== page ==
Do Millennials Care About Industrial Speaker Design? (Part 2)

In part one of the Millennial Challenge, the group evaluated the designs of several speakers. In part two, the panel discusses how manufacturers can design products that appeal to younger consumers.

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In Part One of the Millennial Challenge, CE Pro’s panel of Millennials were shown random pictures of several loudspeakers. While their responses were brutally honest at times, the Millennials’ comments on the speakers’ designs and whether they would like these products in their homes shed some light on what manufacturers should be paying attention to in the near future.

Analyzing their anecdotal responses, it is clear that audiophile products did not resonate with our trio of Millennials: Andrew Nichols, Jessie Steinberg and Adam Forziati.

The Millennials’ comments did reveal a few points that manufacturers should consider:

Size Matters

Size does matter. Maybe not in the way that most people would think, however. The trio’s comments stated that due to a number of factors that affect their lives, smaller bookshelf speakers were the preferred type or style of product Millennials would be more likely to purchase. 

Their reasoning for preferring smaller speakers include the fact that they are living in smaller spaces and the frequency for Millennials to be more transient in their living situations due to career changes.

Speaker Finishes and Colors Are Important

The other major point that came up is colors and speaker finishes.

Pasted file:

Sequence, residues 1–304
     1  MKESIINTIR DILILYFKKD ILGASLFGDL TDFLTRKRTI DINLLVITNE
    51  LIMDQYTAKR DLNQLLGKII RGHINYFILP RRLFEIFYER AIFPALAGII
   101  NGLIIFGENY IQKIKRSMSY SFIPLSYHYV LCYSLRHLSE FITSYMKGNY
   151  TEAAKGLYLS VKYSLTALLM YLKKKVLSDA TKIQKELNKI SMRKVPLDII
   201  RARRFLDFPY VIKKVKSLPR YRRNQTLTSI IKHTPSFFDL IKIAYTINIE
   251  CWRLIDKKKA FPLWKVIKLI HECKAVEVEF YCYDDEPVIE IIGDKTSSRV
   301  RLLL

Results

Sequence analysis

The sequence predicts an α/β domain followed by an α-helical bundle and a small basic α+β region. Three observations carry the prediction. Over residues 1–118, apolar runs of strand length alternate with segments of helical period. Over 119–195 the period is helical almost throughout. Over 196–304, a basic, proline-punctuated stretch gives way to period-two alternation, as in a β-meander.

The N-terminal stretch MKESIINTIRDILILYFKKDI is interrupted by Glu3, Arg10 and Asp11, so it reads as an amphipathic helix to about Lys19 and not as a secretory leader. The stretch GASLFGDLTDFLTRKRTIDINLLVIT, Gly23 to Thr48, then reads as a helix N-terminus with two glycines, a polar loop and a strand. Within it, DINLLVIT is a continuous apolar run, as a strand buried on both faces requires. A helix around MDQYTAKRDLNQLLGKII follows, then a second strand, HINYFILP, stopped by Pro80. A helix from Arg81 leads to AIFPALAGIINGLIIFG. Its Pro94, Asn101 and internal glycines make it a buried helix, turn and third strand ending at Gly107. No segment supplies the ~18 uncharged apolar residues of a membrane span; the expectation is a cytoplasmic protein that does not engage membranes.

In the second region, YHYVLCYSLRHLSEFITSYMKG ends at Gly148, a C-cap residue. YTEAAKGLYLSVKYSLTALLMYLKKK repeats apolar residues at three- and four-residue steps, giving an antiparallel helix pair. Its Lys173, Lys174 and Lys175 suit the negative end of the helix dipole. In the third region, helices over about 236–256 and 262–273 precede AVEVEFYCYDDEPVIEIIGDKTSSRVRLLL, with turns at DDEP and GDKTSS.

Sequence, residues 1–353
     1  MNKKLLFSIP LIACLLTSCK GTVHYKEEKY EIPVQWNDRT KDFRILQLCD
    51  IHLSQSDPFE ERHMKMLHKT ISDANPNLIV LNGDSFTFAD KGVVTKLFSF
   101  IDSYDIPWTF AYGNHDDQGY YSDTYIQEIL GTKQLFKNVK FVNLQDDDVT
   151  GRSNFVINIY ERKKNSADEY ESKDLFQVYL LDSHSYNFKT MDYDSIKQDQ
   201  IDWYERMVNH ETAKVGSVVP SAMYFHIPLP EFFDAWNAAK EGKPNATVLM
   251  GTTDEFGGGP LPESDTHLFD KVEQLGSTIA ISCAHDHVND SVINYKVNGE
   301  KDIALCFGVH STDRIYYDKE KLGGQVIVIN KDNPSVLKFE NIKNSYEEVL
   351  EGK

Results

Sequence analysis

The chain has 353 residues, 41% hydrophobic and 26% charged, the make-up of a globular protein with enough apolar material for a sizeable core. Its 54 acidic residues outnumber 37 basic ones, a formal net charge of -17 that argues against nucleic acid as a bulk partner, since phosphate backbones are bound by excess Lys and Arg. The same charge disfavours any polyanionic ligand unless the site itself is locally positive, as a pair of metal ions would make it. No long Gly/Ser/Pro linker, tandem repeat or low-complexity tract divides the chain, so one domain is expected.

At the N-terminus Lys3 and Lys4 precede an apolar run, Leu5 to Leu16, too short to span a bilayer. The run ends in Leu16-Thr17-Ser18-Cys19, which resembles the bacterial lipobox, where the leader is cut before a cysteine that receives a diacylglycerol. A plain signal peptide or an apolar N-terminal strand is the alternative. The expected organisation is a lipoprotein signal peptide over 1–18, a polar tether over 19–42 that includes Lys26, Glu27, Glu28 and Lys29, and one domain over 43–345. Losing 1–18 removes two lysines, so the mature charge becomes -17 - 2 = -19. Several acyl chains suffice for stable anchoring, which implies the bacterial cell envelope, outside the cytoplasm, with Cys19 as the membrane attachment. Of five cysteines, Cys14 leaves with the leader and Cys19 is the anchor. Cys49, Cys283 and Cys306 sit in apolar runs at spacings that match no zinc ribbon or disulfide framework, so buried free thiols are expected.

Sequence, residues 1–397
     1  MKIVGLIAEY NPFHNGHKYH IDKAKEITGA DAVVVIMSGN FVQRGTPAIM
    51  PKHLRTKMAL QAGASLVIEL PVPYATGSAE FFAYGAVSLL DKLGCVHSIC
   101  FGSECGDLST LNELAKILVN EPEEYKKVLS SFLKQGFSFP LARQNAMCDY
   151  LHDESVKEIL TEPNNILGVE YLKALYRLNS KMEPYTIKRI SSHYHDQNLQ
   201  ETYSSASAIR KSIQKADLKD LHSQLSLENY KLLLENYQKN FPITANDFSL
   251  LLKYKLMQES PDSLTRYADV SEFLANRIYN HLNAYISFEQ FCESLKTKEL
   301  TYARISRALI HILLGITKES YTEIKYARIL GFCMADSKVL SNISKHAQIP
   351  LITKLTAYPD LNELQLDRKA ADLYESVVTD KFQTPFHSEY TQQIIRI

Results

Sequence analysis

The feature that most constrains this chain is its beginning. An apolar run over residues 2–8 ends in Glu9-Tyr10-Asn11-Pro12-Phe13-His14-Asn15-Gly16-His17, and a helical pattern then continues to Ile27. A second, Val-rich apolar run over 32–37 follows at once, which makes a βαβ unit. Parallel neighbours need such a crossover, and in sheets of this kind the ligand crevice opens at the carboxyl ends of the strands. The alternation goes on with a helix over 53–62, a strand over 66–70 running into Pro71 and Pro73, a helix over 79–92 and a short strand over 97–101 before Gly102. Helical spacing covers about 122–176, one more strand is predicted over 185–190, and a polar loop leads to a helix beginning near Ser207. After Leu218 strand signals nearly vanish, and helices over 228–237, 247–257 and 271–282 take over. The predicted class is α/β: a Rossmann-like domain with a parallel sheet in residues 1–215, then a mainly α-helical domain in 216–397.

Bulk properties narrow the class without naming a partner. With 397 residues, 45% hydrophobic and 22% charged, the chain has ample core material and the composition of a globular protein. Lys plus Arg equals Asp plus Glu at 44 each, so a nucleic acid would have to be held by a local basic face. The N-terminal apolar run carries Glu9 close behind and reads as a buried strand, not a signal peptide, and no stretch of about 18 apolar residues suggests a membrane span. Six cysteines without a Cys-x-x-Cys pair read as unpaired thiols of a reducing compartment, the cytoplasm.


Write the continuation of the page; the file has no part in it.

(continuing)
CE Pro’s three-person panel emphasized that natural wood finishes and colors such as gloss black, matte black and gloss white all provide the necessary finish choices that complement their home designs. 

Interestingly, they all pointed out their preference for more traditional loudspeakers with updated designs, rather than the radical designs that often come with audiophile products. 

Reading into Nichols, Steinberg and Forziati’s comments, a case could be made that audiophiles are designing products in a vacuum. Stating this more simply: Audiophiles are designing products to appeal to other audiophiles and are not designing products that appeal to broader consumer demographics. 

The question that arises from this observation is—are these companies consulting with outside industrial designers, and professionals such as architects and interior designers during the development phase of their products?

Given the cost of these products, are these companies really thinking about the long-term sustainability of their businesses or are they simply going for the highest profit margins as the audiophile market continues to shrink?

A Few Words of Advice From Millennials

Digging into their comments, CE Pro asked Nichols, Steinberg and Forziati some follow up questions to flesh out what they are looking for from the consumer electronics industry.